Video: Federal sting draws responses in ABQ mayor’s race

Criticism of a massive undercover drug- and gun-crime sting spilled into the Albuquerque mayoral race last week, when candidates were pressed about a 2016 federal law enforcement operation that netted a disproportionate number of black people. It was a serious question, made all the more serious by the man asking: Joe Powdrell, a longtime local activist past president of the local chapter of the National Association for the Advancement of Colored People (NAACP), which sponsored the Sept. 8 forum.This story originally appeared on the New Mexico In Depth website and is reprinted with permission.The operation has drawn community and legal scrutiny for alleged racial profiling and for scooping up many who did not fit the “worst of the worst” profile trumpeted by federal officials after New Mexico In Depth investigations. Picking up on the alleged racial targeting, Powdrell asked the candidates “where your head is at in terms of this biased policing.”

Only three of the seven candidates who attended the forum addressed the sting directly. Dan Lewis, a second-term, Republican city councilor who has spoken out on a number of police-related issues during his seven-plus years on the council, gave the most forceful response.

Another poll shows Keller lead, high number of undecideds in ABQ mayor’s race

The latest poll of the Albuquerque mayoral race shows State Auditor Tim Keller leading the field, but still well below the 50 percent needed to avoid a runoff. Other recent polls have also reflected Keller’s popularity among voters. But all three polls, the Research and Polling, Inc. poll conducted for the Albuquerque Journal and two conducted earlier, show a high number of undecided voters. Election Day is Oct. 3 and early voting has already opened.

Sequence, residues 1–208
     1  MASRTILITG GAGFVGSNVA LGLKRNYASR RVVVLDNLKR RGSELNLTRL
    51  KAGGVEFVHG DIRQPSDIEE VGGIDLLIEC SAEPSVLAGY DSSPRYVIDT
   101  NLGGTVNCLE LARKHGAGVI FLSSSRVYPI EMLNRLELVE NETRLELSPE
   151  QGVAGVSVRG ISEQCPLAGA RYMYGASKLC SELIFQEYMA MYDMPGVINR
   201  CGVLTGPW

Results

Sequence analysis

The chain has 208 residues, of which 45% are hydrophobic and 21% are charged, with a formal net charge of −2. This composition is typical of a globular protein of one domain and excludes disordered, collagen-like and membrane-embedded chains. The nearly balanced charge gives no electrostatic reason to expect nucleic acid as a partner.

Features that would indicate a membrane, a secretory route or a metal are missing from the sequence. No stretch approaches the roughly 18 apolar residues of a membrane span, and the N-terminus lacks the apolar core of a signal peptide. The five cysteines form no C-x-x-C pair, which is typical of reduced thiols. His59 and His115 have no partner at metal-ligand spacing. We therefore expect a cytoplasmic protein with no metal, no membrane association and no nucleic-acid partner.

Polls show ABQ mayoral race that could be headed towards runoff

Two polls are out on Albuquerque’s mayoral race. And it looks like there will be a runoff, with State Auditor Tim Keller running in the lead. If no candidate receives 50 percent of the vote, voters will then decide between the top two candidates in a November runoff election. The first round of voting takes place on October 3. A KRQE-TV poll released earlier this week showed 22 percent of registered voters would support Keller in next month’s mayoral election.

Big money dwarfs public finance in Albuquerque mayor’s race

Ricardo Chaves says he won’t accept any outside cash to help in his quest to become mayor of Albuquerque. “I won’t take any campaign money, because I don’t want to be beholden,” Chaves said in a recent interview. “I want to represent all the people not just the special interests.”

So the 81-year-old retired Albuquerque businessman who founded Parking Company of America is relying on a different pile of money to push his mayoral candidacy over the line: his own. To date, Chaves has pumped more than $500,000 into his campaign war chest, mostly through loans. This story originally appeared at New Mexico In Depth and is reprinted with permission.

It runs in the family: Decades apart, father and son lead sanctuary efforts

Glen Thamert wears a perpetual smile and favors a hug over a handshake. The retired Lutheran minister has lived in Jemez Springs since 2001 and raised both his adult children in Albuquerque. Next month will mark 29 years since Thamert was acquitted in an Albuquerque federal courtroom after helping two women, whose lives were in danger, leave their home country of El Salvador. Thamert’s trial was part of the sanctuary movement that sprung up in the 1980s when military forces killed hundreds of thousands of people in Central and South America. Community leaders and others often use the word “altruistic” to describe him.

ABQ mayoral money coming from beyond NM